After thoroughly researching photography equipment and shot composition, I’ve finally purchased my DSLR and underwater housing. Before I start shooting, I also want to make sure I also know how to do it safely. Does DAN have any tips for how to be a safer underwater photographer?
Building photography skills is an excellent choice for divers looking to expand their repertoires, and by asking this question you’re already taking the first important step to being a safer underwater photographer. The primary safety concern for divers new to underwater photography is task loading — an increase in responsibilities that escalates the risk for error. As a diver’s attention shifts to image composition or strobe positioning, he or she may overlook a critical safety issue and trigger a chain of events leading to an incident. Before you start shooting, prepare with these tips:
Practice Using Your Gear Topside
Treat your new camera like any new piece of gear. Spend some time familiarizing yourself with your equipment in a controlled setting so that you can pay special attention to your air, bottom time, buoyancy and surroundings when you’re in the water. Who knows? You may also develop a few new photography techniques in the meantime.
Master Your Buoyancy
The most important skill for any diver to master is the ability to be neutrally buoyant and maintain good trim. Divers who perfect these techniques experience less fatigue, reduce their gas consumption, benefit from better control in the water and are less likely to make errors due to task loading. One major hazard facing underwater photographers is the tendency — unintentional or not — to hold their breath to get that perfect shot. This is very dangerous and can result in pulmonary barotrauma or other serious complications. Mastering your buoyancy can help you get closer to your subjects without disturbing the environment, keeping you safer and delivering better photo ops.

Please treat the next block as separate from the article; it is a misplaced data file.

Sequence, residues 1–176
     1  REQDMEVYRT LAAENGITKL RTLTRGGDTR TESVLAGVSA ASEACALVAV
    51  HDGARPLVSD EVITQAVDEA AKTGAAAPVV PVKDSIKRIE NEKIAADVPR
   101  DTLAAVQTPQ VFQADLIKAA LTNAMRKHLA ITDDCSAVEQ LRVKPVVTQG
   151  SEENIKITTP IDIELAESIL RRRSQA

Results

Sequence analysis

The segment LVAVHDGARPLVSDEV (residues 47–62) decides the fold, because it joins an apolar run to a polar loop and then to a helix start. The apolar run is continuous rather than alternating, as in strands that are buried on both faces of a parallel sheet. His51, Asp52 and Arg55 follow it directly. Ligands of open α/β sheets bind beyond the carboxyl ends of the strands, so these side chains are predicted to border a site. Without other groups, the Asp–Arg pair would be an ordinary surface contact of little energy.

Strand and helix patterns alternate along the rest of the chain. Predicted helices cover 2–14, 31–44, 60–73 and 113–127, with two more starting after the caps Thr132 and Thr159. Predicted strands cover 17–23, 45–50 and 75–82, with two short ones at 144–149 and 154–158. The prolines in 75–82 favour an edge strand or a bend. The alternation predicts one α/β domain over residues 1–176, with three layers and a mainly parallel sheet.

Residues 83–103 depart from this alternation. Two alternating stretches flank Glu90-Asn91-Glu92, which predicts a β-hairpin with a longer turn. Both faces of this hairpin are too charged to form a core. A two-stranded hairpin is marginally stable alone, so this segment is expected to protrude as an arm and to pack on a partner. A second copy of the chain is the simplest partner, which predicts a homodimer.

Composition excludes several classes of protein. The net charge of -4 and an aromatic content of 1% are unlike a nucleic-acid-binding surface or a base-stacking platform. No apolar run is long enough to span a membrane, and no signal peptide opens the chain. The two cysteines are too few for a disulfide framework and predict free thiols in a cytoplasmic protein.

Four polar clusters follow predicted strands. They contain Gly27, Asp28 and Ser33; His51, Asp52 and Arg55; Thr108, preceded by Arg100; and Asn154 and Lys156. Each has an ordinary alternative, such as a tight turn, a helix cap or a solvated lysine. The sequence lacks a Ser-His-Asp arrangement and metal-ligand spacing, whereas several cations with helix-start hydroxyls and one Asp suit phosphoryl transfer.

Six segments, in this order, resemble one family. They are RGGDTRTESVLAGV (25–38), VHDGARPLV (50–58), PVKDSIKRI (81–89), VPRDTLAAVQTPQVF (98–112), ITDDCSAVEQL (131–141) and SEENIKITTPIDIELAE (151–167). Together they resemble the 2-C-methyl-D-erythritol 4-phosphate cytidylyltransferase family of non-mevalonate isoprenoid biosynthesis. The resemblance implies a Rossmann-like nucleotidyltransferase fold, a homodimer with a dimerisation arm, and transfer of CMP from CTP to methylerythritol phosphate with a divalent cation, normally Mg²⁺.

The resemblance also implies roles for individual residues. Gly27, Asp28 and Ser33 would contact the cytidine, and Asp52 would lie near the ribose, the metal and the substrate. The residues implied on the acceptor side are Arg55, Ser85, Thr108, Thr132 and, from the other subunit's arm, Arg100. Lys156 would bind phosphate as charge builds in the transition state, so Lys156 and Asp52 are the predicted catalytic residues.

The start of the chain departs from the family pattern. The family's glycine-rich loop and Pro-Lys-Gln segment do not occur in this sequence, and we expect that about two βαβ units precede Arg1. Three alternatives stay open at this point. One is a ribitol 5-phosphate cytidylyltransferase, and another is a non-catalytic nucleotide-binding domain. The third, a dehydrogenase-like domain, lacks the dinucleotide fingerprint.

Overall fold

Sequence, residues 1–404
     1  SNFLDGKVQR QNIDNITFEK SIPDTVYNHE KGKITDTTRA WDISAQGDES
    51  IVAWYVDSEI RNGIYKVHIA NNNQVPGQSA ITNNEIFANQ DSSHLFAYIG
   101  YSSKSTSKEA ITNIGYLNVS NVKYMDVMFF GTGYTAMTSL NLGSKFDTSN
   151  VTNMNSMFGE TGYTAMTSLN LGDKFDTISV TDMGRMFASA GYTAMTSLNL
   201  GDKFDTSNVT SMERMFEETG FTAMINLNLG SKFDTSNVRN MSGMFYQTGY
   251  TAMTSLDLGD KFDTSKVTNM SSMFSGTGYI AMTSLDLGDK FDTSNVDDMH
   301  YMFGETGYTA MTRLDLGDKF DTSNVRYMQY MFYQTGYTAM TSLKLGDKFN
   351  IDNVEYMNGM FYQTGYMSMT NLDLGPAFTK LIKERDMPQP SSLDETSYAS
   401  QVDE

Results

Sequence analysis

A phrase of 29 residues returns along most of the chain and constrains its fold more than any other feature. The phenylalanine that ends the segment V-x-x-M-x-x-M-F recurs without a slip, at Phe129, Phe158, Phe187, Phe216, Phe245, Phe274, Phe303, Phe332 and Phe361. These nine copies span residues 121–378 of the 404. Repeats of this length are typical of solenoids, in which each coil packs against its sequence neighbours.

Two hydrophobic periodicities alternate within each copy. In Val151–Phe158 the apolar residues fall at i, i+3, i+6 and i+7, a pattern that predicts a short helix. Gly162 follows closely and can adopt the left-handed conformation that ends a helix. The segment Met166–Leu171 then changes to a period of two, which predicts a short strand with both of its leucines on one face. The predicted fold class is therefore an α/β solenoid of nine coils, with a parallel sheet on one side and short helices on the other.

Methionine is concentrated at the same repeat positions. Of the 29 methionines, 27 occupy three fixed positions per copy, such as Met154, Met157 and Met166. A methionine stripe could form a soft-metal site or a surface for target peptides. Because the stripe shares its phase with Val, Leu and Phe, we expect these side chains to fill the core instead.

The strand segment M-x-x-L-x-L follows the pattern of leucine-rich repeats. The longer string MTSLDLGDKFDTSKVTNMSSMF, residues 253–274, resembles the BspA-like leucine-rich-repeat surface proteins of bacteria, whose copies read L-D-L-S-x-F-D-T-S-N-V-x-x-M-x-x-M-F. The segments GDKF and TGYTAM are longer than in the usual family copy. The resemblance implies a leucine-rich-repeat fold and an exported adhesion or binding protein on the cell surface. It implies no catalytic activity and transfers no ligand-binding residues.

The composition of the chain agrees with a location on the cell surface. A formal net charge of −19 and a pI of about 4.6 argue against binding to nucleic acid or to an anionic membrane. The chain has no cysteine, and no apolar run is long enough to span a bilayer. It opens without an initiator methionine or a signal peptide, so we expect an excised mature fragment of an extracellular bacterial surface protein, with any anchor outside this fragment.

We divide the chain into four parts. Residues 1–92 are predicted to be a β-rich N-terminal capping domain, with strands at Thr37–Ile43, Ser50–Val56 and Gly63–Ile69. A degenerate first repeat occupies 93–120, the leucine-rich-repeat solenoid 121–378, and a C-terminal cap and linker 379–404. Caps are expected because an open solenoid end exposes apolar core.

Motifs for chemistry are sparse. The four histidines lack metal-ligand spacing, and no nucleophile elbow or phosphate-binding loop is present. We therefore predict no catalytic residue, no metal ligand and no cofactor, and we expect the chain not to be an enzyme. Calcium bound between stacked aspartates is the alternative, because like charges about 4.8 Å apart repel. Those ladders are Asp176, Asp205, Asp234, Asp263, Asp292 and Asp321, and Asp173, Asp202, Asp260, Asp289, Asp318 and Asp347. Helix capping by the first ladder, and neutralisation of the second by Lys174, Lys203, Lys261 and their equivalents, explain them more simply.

Use Your Buddy
Although it probably goes without saying that your buddy needs to be aware that you’re exploring a new skill, the two of you should also take extra time to plan your dive with that in mind. As you learn to juggle the technical and creative tasks of underwater photography, you need to be able to rely on your buddy to stay close and responsive. While you both need to take responsibility for monitoring your own air consumption and surroundings, you may agree before a dive that the non-photographer will periodically signal for both divers to check and communicate gas supplies before continuing.
Research Your Shots
Before you start shooting, know what you’re likely to see. Research what is common and rare at your dive site. Study these animals’ behaviors in books and videos. Listen to your divemaster and other local divers, who can tell you exactly what you might expect. In order to take a great photo in the water, you need to get very close to your subjects; planning your shots ahead of time can not only teach you how to approach marine organisms without spooking them, but it can also ensure that you’re keeping your subjects, and yourself, safe during the encounter.
Remember: Safety First
Your dive skills are even more important than your shooting skills when it comes to the quality of your images— and your safety. When planning your photo outings, remember to research your dive plan as thoroughly as your intended subject, and, when executing that plan, remember to stay in the moment as a diver first. Never forsake your safety for the shot. If you have any hesitation, it never hurts to take a course in digital underwater photography. Doing so will give you a chance to learn tips and tricks from the pros, meet new buddies with shared interests and build the confidence to fully — and safely — explore your new activity.
Want more dive-training tips? Check out the Training section of our website.
For more information, visit DAN.org.